(855) 4-ESSAYS

Type a new keyword(s) and press Enter to search

Ideas of Moby Dick

            The underlying themes to Moby Dick, by Herman Melville, are far-reaching and studied in many academic areas. Captain Ahab dedicates his crew and ship to destroying the whale Moby-Dick leading too much intense and horror, but the interpretation of the motifs and themes lend to interesting outlooks on the subjects of religion and knowledge.
             The limits of knowledge, existence and nature of a god, fate, whiteness, life and death are all ideas that can be interpreted in some way from the thoughts the book puts forth.
             Ishmael begins the book by stating many ideas involving whales and realizes that throughout history the whale has taken on many different meanings. He continues to wonder, trying to understand the nature of the whale. He uses many different areas of knowledge to try and make a adequate account of the whales true purpose-meaning. He ultimately fails in explaining this idea. He begins to question observation by thinking of not being able to even see the whale for most of its life. After realizing the time and mental effort he spent thinking of whales, Ishmael poses the idea of knowledge being limited and insufficient. .
             When this idea is brought to Moby Dick, many interpretations can be made. A prevalent thought in my mind is the comparison of Moby Dick's nature to what many people believe to be god's nature. With no particular god in mind it is still easy to make general judgments about the existence and knowledge surrounding such an unexplainable subject. I see the ways of Moby Dick, like those of a god, as being unknowable to man. Ahab believes the Whale is the ultimate evil, by doing so he commits a great fallacy: Ahab and this mentality eventually lead to his own demise.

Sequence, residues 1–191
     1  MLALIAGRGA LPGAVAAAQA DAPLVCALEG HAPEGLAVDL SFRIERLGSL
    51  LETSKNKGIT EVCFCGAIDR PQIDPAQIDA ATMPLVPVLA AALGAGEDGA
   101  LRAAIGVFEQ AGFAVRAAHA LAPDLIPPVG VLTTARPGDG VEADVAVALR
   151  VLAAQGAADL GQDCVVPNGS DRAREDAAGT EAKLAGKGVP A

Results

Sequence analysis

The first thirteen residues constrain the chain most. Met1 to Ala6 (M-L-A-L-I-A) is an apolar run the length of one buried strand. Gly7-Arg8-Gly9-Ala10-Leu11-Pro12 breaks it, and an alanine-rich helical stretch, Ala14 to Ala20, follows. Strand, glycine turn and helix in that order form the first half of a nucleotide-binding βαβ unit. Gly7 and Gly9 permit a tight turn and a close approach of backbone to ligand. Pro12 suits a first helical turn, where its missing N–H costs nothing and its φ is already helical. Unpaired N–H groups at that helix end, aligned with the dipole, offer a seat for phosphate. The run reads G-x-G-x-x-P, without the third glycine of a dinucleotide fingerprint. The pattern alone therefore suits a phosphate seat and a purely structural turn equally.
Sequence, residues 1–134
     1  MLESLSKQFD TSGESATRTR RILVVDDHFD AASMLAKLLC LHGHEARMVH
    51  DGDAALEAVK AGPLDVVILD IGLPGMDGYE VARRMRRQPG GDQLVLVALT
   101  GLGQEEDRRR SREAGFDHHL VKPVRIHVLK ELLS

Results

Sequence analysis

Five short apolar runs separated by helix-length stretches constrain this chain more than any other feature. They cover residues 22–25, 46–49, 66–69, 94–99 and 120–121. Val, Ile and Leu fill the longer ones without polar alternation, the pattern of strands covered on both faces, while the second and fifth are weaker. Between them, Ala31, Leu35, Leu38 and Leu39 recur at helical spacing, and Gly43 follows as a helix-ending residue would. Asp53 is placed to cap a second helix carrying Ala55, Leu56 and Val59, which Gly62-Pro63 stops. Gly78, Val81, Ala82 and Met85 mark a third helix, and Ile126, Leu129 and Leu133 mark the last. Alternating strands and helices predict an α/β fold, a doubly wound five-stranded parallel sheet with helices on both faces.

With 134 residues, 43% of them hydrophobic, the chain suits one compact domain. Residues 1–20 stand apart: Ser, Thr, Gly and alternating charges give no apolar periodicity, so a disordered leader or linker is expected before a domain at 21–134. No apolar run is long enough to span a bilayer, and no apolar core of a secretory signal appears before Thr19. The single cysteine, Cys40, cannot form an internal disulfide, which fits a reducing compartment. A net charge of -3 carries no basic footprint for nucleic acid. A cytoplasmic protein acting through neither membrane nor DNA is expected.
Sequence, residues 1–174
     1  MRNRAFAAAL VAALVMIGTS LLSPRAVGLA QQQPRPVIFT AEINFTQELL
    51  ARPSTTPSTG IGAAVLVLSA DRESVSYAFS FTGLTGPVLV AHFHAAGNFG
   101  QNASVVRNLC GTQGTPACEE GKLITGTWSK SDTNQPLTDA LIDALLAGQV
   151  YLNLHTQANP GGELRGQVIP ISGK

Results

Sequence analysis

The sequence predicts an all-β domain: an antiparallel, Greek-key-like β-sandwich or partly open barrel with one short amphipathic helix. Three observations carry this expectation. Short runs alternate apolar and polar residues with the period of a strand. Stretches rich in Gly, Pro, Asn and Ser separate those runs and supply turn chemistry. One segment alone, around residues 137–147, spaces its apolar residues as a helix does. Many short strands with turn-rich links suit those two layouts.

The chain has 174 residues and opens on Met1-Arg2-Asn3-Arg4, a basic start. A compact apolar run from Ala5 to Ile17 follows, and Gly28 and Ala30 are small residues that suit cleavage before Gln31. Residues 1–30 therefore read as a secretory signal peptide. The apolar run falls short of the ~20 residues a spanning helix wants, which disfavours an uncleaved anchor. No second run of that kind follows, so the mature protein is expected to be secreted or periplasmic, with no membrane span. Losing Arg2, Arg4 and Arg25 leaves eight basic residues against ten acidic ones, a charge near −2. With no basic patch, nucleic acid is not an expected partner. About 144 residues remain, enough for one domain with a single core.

Foreshadowing is an interesting part in the interpretation of fate. In reality it can be true, and in Moby Dick it is certainly true. Ishmael's narrative contains many references to fate, creating the impression that the Pequod's doom is inevitable.

Essays Related to Ideas of Moby Dick

Got a writing question? Ask our professional writer!
Submit My Question